Professor Higgins’ (Rex Harrison) Home Library from ‘My Fair Lady’

Professor Higgins’ (Rex Harrison) Home Library from ‘My Fair Lady’

Sadly unaware to Hepburn, her voice was dubbed for the songs by Marni Nixon. Hepburn, initially furious, had walked out of the sets when she found out, for she had practiced hard to sing the songs to perfection, with lengthy vocal preparation. But the next day she came and apologised, yet she mentioned that she should have been told. So except for one line in “I Could Have Danced All Night”, first verse of “Just you Wait” and it’s repetition, and the  partial singing n’ talking parts of “The Rain in Spain”, the rest of the songs are all dubbed by Marni Nixon’s operatic vocals, who supposedly had stated that Hepburn’s voice was too “low-mezzo”. What rubbish???? How can one forget Audrey Hepburn singing all her songs in Funny Face (1957). And Hepburn’s rendition of Édith Piaf’s “La Vie en Rose” in Sabrina (1954) and Hepburn lending her vocals to Henry Mancini’s “Moon River” in Breakfast at Tiffany’s (1961). Plus I saw Hepburn’s original rendition of “Lot’s of chocolates for me to eat” in an old Television documentary, over a decade ago. She was magnificent, the songs did not need dubbing. Jeremy Brett’s songs too were dubbed, by Bill Shirley.

What was worse was, that at the Oscars the following year, Audrey Hepburn was not even nominated, in the ‘Best Actress’ category. Julie Andrews won for Mary Poppins (1964). Andrews was superb as the flying governess, but Hepburn was a zillion times better as Eliza. The Press had a field day concocting up a fictional rivalry between the two contemporaries. Yet, Andrews herself believed she won the Oscar out of sympathy for losing out on the role of Eliza. In fact, Andrews later mentioned that Audrey Hepburn did a great job and should have won the Oscar instead of her.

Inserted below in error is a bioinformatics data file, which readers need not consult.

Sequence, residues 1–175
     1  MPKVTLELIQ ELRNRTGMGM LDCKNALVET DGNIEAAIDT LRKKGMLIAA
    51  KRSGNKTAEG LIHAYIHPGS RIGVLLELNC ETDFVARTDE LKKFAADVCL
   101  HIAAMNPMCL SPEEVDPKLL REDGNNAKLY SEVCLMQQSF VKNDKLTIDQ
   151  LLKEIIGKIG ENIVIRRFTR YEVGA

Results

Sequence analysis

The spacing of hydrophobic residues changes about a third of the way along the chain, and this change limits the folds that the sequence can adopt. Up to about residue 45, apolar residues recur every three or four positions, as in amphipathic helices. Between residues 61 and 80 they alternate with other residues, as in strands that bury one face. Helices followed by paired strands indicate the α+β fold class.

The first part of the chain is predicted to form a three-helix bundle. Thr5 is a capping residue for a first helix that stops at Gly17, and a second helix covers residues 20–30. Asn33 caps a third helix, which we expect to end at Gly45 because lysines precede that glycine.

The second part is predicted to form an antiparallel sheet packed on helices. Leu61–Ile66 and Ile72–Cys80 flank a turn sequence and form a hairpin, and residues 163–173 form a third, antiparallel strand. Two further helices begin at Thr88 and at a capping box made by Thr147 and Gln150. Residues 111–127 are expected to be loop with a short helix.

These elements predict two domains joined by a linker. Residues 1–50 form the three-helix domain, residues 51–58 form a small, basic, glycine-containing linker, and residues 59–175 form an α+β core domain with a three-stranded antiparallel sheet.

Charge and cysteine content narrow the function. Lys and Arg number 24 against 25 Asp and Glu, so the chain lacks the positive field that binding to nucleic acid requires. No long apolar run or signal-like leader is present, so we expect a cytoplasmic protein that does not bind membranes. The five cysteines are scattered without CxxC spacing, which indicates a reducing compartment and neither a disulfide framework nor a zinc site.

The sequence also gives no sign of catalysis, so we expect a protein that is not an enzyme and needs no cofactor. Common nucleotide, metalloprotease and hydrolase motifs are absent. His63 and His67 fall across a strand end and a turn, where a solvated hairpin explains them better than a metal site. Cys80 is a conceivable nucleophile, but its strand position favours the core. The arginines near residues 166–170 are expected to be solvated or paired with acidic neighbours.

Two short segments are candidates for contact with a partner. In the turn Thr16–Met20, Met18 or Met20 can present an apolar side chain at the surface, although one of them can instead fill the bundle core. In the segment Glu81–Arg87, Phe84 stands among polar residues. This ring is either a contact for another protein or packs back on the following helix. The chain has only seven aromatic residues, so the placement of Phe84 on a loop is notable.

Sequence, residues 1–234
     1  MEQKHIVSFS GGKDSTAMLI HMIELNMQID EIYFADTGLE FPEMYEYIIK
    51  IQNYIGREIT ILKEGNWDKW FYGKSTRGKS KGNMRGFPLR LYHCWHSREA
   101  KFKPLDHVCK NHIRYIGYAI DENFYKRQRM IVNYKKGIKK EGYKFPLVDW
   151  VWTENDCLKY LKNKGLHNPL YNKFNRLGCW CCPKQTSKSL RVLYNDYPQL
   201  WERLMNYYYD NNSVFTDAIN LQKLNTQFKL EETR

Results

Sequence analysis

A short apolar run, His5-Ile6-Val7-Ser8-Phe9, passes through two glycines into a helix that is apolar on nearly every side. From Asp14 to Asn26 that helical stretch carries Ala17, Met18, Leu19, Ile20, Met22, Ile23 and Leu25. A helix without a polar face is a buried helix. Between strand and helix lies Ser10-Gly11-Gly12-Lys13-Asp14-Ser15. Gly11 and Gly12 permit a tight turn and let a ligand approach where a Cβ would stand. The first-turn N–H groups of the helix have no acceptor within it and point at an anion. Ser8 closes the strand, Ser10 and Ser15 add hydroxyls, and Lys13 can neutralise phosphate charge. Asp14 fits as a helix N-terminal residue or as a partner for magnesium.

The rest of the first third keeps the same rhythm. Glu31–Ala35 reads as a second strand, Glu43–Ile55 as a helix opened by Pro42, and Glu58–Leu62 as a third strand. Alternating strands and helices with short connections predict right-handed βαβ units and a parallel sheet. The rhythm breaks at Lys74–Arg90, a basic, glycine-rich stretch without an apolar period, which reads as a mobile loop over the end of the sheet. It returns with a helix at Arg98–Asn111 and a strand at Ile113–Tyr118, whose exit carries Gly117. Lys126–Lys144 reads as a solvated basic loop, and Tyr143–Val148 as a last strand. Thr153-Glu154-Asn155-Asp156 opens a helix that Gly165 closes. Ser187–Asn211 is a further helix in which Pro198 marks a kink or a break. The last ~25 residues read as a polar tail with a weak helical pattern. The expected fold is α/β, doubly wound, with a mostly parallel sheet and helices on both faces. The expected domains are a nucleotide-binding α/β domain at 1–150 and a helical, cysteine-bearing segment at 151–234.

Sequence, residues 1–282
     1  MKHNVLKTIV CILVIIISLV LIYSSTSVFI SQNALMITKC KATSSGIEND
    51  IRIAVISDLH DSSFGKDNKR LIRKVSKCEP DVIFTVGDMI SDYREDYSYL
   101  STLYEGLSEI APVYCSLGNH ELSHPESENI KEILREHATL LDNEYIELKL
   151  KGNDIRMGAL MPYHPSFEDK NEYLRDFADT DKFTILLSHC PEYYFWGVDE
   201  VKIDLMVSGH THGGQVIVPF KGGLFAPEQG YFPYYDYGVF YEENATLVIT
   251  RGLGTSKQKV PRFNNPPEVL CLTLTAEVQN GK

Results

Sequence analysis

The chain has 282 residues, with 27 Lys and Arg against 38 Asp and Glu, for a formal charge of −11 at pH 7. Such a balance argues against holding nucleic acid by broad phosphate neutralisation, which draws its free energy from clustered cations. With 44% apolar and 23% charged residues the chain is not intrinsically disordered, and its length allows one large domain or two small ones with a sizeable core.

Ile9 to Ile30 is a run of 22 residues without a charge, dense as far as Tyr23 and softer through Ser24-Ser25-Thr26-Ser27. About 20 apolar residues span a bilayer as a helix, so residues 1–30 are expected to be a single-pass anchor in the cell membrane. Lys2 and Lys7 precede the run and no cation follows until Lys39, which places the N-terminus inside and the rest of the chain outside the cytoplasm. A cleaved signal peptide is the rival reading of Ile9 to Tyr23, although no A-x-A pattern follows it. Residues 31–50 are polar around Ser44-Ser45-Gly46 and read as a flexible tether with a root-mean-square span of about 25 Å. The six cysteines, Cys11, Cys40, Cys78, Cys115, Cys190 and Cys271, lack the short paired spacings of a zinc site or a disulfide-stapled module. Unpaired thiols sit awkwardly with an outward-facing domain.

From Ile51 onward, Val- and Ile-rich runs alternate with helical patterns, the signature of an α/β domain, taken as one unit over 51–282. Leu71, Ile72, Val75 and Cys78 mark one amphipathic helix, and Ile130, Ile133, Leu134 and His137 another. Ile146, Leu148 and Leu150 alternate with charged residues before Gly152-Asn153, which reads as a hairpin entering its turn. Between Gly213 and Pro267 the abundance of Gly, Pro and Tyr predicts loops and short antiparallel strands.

Professor Higgins bribes Eliza Doolittle with ‘Lots of Chocolates’ in ‘My Fair Lady’

Professor Higgins bribes Eliza Doolittle with ‘Lots of Chocolates’ in ‘My Fair Lady’

Playing Jo Stockton
The first time I watched Funny Face (1957), was as a teenager in 1994, in New Delhi. Roman Holiday (1953), which too I watched, in 94’ just before Funny Face, 20 years on, is till date, not just my favourite Hepburn movie ever, but also my all time favourite movie. Back in September 2003, after handing in my final dissertation, a 30,000 worded book titled Marriage in Hitchcock Films: From Rebecca to Marnie, for my M.A. in International Cinema, I treated myself to a video box set of Audrey Hepburn films which included Roman Holiday and Funny Face, from the main shopping complex in Luton, UK, close proximity to my University there. Thus I have watched those tapes a zillion times since then.

Unlike in My Fair Lady (1964), Audrey Hepburn sings all her songs in Funny Face (1957). An enjoyable musical set among the fashion elite in Paris, contrasting to the Parisian underground where the existentialist meet. Hepburn plays a young existentialist, Jo Stockton; with high belief in ‘Empathicalsim’, and Empathicalsim being the only way to move forward and to achieve world peace; who is lured into a modelling contract for a lead American Fashion magazine by fashion photographer Dick Avery (Fred Astaire) and the magazine editor Maggie Prescott (Kay Thompson). The only reason she takes the job is so that she can go to Paris and meet Professor Emile Flostre (Michel Auclair), one of the lead modern day philosophers behind the existentialist movement in Paris at the time.

Audrey Hepburn’s bohemian style dance number in ‘Funny Face’ (1957)

Audrey Hepburn’s bohemian style dance number in ‘Funny Face’ (1957)

Audrey Hepburn also displays her dancing skills along with her singing talent, especially with the bohemian style dance number she does in the underground night club where, modern 1950’s, existentialist meet. She brings life to the movie. Check out the black attire she wears in most of the movie. An attire with ankle length black pants, white socks and black shoes, which ended up being a trademark style of an 80’s pop icon, i.e. Michael Jackson. Ironically Jackson’s love for dance was inspired by the older star of Funny Face, i.e. actor/dancer Fred Astaire. Sadly none of them are alive today.